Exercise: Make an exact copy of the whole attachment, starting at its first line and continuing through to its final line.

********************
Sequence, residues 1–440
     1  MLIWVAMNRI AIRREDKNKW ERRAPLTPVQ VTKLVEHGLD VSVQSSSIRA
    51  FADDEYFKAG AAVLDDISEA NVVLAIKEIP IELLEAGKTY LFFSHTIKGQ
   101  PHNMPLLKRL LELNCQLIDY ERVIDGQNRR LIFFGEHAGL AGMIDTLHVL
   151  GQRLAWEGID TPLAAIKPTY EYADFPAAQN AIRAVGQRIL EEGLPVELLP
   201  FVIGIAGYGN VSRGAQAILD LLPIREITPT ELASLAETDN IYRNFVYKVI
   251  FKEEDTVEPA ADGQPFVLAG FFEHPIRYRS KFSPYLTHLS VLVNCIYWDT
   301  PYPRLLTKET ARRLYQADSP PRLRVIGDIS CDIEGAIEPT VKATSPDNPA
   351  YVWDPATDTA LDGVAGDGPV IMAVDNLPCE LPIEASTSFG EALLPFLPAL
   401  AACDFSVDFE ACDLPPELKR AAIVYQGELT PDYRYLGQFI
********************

Sequence, residues 1–440
     1  MLIWVAMNRI AIRREDKNKW ERRAPLTPVQ VTKLVEHGLD VSVQSSSIRA
    51  FADDEYFKAG AAVLDDISEA NVVLAIKEIP IELLEAGKTY LFFSHTIKGQ
   101  PHNMPLLKRL LELNCQLIDY ERVIDGQNRR LIFFGEHAGL AGMIDTLHVL
   151  GQRLAWEGID TPLAAIKPTY EYADFPAAQN AIRAVGQRIL EEGLPVELLP
   201  FVIGIAGYGN VSRGAQAILD LLPIREITPT ELASLAETDN IYRNFVYKVI
   251  FKEEDTVEPA ADGQPFVLAG FFEHPIRYRS KFSPYLTHLS VLVNCIYWDT
   301  PYPRLLTKET ARRLYQADSP PRLRVIGDIS CDIEGAIEPT VKATSPDNPA
   351  YVWDPATDTA LDGVAGDGPV IMAVDNLPCE LPIEASTSFG EALLPFLPAL
   401  AACDFSVDFE ACDLPPELKR AAIVYQGELT PDYRYLGQFI